Japan in Their Own Words (JITOW)/日本からの意見

Debating in English helps hone your power of persuasion
NUMATA Sadaaki  / Chairman, The English-Speaking Union of Japan

October 29, 2015
In order to vie on a par with self-assertive people from Western as well as emerging countries, we Japanese need the ability to engage in intellectual dialogue. We need first to have our own opinions. We also need not just linguistic skills but intelligence, insight and human charm to persuade our interlocutors through logic, reason, passion and humor.

In Western countries, debate has been widely practiced as an intellectual game designed to hone these skills. There are two kinds of debate: academic debate, where the motion is given months in advance and well-constructed and elaborate argumentation is required as in a court of law, and impromptu parliamentary debate, modeled after the British Parliament, where the motion is given immediately before the debate. The latter debate takes place between the Government and Opposition sides, and can be as much fun as playing a game.

Since its foundation in 1998, The English-Speaking Union of Japan (ESUJ) has been promoting parliamentary debate in English in Japan, working in close tandem with the English-Speaking Union in the United Kingdom known for its nearly 100-year long tradition of public speaking and debating education. 32 teams (two persons per team) will participate in the 18th annual ESUJ University Debating Competition to be held in Tokyo on the 3rd and 4th this month to engage in an exciting series of debates, with student champion debaters invited from the U.K. joining the judges.

To be successful in impromptu debate, you need not only English language skills but also logical thinking and broad enough common sense to argue either the proposition or opposition side of varied and wide-ranging motions such as whether the statute of limitation should be abolished or whether society should become more tolerant toward divorce. You are judged also for your presentation skills to appeal to the audience, such as eye control, gestures, hand motions, voice control and humor. This may seem to pose too high hurdles for Japanese to clear, but some Japanese students have done quite well in international competitions. Further, parliamentary debate has been spreading to high school students as well over the past few years.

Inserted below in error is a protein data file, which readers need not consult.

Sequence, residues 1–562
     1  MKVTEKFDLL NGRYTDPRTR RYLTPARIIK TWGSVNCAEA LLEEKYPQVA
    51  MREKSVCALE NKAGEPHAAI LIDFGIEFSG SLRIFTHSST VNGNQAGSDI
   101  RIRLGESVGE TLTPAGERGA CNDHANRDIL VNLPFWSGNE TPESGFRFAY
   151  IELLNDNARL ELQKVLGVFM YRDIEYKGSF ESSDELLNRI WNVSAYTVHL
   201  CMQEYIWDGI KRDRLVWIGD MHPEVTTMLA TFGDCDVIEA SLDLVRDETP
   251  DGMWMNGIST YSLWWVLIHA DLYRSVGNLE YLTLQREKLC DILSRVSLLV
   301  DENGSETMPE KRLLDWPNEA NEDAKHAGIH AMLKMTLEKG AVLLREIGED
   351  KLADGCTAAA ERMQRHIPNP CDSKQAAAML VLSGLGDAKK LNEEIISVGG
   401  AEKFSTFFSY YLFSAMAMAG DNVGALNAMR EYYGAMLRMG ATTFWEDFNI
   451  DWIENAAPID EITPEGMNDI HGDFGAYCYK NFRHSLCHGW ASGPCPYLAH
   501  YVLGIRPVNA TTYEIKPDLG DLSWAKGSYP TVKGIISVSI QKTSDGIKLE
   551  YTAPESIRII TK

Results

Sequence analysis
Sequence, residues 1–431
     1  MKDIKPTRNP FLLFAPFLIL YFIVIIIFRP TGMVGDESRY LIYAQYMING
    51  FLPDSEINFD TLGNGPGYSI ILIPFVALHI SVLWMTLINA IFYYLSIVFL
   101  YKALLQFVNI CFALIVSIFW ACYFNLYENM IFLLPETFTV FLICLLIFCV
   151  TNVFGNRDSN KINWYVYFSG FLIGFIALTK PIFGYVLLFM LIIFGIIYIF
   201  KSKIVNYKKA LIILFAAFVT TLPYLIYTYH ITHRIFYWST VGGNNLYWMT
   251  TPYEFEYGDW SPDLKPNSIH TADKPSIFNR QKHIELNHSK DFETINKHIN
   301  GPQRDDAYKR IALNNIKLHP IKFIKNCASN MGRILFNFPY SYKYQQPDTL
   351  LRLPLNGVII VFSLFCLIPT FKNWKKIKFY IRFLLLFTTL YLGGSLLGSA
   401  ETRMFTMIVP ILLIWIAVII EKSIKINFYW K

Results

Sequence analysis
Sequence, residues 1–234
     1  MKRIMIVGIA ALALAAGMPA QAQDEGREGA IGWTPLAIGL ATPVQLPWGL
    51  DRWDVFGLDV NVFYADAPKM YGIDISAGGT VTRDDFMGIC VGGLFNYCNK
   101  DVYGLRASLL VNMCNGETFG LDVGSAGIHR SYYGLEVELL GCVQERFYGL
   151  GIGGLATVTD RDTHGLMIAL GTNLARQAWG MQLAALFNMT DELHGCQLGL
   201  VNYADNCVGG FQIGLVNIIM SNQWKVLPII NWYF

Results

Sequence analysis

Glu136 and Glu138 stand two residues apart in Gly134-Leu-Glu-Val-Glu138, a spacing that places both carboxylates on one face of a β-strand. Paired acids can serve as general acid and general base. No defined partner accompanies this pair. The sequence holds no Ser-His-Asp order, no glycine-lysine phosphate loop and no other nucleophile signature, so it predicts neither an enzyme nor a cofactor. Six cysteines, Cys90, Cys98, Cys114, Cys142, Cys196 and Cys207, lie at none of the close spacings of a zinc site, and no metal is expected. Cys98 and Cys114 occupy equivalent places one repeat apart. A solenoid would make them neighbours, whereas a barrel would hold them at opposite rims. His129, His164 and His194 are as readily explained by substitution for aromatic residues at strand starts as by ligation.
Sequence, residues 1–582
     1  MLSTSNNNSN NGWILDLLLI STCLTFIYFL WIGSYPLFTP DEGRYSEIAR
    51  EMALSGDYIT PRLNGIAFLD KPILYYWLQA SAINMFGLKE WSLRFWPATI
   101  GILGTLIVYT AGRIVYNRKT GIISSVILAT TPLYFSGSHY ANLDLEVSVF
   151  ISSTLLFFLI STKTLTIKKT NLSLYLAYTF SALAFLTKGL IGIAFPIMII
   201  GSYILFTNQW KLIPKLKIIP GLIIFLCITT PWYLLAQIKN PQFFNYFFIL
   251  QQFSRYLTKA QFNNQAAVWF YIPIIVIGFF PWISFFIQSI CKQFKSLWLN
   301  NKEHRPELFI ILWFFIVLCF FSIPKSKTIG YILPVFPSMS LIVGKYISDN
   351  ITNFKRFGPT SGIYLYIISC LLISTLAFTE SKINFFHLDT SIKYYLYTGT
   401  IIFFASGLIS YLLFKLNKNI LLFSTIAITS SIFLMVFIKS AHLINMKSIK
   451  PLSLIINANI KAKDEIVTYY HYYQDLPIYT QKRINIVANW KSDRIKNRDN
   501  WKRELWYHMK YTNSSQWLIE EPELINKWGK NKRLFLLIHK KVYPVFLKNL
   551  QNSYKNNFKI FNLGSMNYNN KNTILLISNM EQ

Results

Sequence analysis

The English-Speaking Union of Japan has also been hosting its annual Shakaijin (Adult) Debating Competition since 2002. The participants comprise a diverse group, including businesspersons from trading, financial, IT and other companies, civil servants, teachers/professors, medical doctors and so forth, ranging from young to old generations. The veterans of these competitions have found their debating experience useful in the real world. They have learned to identify problems by looking at a topic from various angles and finding solutions, and have developed a flexible mind through approaching a motion both from the proposition (government) and opposition (opposition party) points of view. Further, the guts, the sense of speed and the reflex nurtured through arguing under pressure make them “battle-ready” for tough business negotiations.

In parliamentary debate, the government and the opposition have to engage with each other. You have to respond to each of the points made by your opponent and clearly analyze and explain what will happen if a certain policy is implemented or not implemented. You need to follow the manners of a two-way dialogue between the speaker and the listener. If you end up just making “one-way” declarations, you cannot win. In such a process, you also need to try to see how things might look and what you might think if you put yourself in the other person’s shoes. In short, you need empathy. 
Impromptu debate in English is a highly effective means of not just improving English language skills but also nurturing appropriate powers of judgment, negotiation and persuasion. As such, I strongly recommend incorporating it into school curriculums. I also believe that it will be a highly useful tool for self-training for those who use English at the forefront of business transactions and negotiations.

Sadaaki Numata is former Japanese Ambassador to Pakistan and Canada. The article first appeared in the Yomiuri Shimbun dated October 1st , 2015.
The English-Speaking Union of Japan

沼田 貞昭  / 日本英語交流連盟会長

2015年 10月 29日







一般社団法人 日本英語交流連盟

English Speaking Union of Japan > Japan in Their Own Words (JITOW) > Debating in English helps hone your power of persuasion